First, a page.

Although Strippy quilts are quite a usual design in the North of England this one is a little bit different. Instead of the more often seen quilting designs which follow the strips of the quilt e.g. twists, plaits and chains this particular quilt has an allover design which takes no notice of the strips and even more unusually it is quilted in the type of pattern seen in Allendale and Weardale.
In the centre is a rose motif surrounded by flatirons which are infilled with a rose and scroll and then topped with shells. In between the flatirons are a feathered sheaves variation topped with ‘leaf trails’. The corners are also very intricate with every space being filled with curly-cues and very elegant multilined waves going out to form the border patterns.
The strips have been machined together as have the edges and the fabrics are a lightweight pink cotton and a white cotton twill which has also been used as the backing. This still has evidence of faint blue pencil lines marking the quilting patterns which points to it being a ‘stamped’ quilt marked out by a professional quilt designer possibly in Allendale. Quilt tops could be sent to these designers to be marked out or it was possible to buy the tops already marked. The fact that this quilt has the blue lines on the backing shows that it was quilted from the ‘back’.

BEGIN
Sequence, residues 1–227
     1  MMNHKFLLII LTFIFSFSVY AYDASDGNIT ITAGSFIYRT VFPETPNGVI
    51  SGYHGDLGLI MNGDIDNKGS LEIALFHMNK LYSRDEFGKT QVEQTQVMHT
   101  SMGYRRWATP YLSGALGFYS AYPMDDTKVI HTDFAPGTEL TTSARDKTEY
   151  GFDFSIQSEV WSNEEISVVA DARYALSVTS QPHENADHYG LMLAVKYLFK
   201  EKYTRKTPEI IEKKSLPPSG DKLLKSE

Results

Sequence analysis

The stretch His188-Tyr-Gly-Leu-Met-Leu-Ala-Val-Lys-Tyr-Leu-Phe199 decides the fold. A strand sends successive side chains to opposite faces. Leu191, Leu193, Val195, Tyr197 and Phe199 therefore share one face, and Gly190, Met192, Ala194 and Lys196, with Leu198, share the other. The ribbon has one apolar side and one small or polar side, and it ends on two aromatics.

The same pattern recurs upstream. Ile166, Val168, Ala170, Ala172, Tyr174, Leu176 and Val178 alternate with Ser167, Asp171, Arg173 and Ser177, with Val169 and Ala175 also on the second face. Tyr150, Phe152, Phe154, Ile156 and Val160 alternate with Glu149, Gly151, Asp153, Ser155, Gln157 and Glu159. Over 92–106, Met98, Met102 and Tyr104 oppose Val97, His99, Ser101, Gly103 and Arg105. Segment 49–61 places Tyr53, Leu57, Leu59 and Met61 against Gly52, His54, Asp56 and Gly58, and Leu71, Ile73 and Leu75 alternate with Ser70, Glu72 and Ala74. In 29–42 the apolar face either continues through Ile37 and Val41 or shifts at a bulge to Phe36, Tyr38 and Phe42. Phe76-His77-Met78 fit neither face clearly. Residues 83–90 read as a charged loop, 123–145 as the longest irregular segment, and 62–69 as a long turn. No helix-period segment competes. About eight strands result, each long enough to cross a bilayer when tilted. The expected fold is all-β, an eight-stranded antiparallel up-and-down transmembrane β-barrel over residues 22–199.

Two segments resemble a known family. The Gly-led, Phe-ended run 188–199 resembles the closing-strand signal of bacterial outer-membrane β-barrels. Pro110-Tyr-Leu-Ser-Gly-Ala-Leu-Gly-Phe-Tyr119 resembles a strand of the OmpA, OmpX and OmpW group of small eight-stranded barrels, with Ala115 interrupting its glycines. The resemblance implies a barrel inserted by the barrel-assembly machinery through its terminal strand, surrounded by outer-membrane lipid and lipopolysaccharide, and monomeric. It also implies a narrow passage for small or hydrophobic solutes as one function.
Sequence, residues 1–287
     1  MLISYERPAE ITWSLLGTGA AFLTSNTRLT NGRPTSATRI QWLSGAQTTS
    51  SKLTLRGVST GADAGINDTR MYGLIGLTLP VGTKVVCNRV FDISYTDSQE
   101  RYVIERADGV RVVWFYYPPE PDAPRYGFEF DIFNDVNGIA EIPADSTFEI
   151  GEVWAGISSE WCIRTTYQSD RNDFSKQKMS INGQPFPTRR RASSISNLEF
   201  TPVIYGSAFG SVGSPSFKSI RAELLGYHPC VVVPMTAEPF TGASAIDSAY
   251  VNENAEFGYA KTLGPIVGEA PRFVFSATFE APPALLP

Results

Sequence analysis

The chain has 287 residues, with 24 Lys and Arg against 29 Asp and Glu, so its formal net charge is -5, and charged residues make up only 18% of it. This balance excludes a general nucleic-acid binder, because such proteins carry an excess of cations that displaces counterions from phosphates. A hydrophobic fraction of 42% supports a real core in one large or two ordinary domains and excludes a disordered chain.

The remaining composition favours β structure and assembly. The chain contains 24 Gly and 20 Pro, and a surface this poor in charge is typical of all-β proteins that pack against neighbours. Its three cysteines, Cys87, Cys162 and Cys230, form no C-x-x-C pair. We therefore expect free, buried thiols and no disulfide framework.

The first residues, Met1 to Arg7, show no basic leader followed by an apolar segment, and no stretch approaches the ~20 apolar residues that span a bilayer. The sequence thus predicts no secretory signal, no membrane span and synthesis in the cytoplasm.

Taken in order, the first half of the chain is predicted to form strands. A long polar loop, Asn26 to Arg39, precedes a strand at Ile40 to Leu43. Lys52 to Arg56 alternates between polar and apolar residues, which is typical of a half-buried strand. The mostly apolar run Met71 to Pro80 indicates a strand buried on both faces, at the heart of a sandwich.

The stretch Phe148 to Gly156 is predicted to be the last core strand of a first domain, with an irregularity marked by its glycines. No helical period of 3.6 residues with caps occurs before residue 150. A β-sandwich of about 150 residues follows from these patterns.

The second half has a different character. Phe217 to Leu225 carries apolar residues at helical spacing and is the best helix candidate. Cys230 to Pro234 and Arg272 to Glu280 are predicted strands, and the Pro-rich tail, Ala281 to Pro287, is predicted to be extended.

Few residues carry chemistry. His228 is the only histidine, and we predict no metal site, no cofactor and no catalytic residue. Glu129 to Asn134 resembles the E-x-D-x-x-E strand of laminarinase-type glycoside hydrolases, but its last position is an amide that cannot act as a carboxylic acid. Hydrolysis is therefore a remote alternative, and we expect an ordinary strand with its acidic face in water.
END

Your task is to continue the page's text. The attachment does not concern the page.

The quilt belonged to a Mary Blackett who lived in County Durham and was always known in her family as ‘the Wedding Quilt’ but not her wedding. It was thought that it was made by either the Tarns or Bainbridges.